Founded in 2012, Wunmi explained that old people are often depressed because some of them are still fending for their children when the reverse ought to be the case. “A lot of the old people we have in this organisation are peculiar, 90 per cent of them have children, who are still fully dependent on them. During our family session, we discovered that 90 per cent of them have children who are jobless. These elderly people are still running around for their children, to get them jobs and other necessities of life. Again, there is this other group whose children are on drug, have mental cases and other challenges. All these combined with the situation in the country have made some of them to be so depressed and when they come to us they feel free and have fun,” she said.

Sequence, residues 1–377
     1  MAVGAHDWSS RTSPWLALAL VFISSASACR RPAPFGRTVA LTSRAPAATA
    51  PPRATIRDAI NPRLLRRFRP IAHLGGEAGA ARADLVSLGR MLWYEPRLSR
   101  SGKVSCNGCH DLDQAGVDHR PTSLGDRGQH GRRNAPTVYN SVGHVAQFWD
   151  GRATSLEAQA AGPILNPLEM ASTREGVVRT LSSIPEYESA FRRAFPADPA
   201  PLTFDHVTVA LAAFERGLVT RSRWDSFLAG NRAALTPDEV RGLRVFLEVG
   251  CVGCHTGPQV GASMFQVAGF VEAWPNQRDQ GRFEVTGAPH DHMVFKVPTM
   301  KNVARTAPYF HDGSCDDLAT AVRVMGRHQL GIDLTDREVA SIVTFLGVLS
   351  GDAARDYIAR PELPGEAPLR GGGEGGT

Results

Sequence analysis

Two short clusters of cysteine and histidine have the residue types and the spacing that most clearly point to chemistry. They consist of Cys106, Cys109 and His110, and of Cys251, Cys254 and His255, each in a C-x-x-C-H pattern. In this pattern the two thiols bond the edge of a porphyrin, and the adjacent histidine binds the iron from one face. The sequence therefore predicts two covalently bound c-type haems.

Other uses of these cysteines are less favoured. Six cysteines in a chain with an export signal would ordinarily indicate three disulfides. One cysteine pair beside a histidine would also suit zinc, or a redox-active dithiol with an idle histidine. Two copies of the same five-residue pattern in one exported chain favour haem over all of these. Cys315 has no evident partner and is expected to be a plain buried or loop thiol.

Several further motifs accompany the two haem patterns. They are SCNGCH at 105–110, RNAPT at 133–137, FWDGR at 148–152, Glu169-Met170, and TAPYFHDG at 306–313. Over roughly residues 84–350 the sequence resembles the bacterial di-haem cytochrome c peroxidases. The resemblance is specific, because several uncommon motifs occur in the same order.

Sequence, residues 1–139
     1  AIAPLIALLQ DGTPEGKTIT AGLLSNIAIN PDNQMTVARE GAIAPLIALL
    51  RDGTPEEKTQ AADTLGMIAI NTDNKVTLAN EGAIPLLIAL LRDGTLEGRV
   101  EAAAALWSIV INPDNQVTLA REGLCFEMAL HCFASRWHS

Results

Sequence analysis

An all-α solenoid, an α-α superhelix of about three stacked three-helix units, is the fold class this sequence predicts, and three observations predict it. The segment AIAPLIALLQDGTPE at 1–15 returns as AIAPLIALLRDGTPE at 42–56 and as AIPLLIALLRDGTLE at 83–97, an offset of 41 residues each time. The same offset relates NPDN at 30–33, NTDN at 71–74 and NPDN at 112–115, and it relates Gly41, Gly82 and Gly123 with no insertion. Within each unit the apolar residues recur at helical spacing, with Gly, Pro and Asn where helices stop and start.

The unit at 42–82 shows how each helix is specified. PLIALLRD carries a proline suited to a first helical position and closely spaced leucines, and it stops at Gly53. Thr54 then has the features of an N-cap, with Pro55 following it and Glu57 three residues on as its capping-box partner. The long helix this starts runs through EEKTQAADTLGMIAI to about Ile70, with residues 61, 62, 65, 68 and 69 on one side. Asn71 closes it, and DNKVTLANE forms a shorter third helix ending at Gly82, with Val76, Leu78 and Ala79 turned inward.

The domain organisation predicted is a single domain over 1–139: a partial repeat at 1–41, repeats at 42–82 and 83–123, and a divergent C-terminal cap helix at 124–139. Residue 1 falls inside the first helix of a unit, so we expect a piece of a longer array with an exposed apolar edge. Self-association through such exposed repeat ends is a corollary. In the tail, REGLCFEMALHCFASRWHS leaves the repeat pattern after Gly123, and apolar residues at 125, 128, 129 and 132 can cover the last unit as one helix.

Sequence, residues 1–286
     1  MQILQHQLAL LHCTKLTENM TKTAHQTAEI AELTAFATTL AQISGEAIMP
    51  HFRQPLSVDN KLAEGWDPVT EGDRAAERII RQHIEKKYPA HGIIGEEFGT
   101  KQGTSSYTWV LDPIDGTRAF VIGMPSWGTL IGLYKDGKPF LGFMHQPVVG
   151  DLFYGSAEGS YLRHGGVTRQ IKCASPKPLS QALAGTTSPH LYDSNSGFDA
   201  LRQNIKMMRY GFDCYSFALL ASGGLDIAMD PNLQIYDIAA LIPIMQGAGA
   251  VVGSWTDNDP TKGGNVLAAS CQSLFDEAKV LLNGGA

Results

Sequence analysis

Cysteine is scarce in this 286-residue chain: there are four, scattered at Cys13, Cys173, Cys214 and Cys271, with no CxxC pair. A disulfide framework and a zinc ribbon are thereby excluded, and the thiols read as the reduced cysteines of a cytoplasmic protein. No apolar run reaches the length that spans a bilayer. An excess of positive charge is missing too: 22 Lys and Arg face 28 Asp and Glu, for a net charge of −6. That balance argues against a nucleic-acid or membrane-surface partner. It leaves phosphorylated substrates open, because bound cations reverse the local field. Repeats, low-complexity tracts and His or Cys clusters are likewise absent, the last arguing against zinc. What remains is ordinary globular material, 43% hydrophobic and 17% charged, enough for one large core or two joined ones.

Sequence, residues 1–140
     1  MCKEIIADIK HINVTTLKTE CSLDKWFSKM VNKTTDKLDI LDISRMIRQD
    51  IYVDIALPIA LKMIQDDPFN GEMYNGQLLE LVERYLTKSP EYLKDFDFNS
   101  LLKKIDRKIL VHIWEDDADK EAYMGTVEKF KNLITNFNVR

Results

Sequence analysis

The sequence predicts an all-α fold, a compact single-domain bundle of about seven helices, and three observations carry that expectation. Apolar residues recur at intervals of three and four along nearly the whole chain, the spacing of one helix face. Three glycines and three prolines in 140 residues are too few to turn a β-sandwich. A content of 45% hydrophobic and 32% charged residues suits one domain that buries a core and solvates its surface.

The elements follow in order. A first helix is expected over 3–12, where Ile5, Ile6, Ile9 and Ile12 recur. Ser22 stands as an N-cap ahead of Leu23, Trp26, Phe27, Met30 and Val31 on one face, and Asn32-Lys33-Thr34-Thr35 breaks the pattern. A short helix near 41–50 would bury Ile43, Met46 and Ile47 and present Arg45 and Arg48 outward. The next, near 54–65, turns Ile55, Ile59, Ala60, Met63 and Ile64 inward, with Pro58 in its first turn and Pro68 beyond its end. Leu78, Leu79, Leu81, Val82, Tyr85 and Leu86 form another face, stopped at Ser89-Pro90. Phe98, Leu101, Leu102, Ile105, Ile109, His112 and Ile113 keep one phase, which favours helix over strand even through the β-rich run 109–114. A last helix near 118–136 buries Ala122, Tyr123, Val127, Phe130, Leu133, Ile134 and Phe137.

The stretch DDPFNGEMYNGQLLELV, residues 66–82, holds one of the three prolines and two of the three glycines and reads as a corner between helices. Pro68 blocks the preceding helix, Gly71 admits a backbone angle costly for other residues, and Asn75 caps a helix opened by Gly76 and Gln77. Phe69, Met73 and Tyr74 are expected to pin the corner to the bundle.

Could some of these challenges not be attributed to lack of adequate plan for their children in their youthful days? “Well I have maintained a very liberal mind and have accepted to take people the way they are when they come here, irrespective of their past mistakes. I am not government agency that employs people, but we counsel the parents and also the children. What we do is therapeutic because we cannot give jobs, we can only counsel parents and children on what to do to earn a living. And one important thing about their situation is that they talk about them, express their feelings among themselves, which help them to know that there are others going through the same or similar challenges.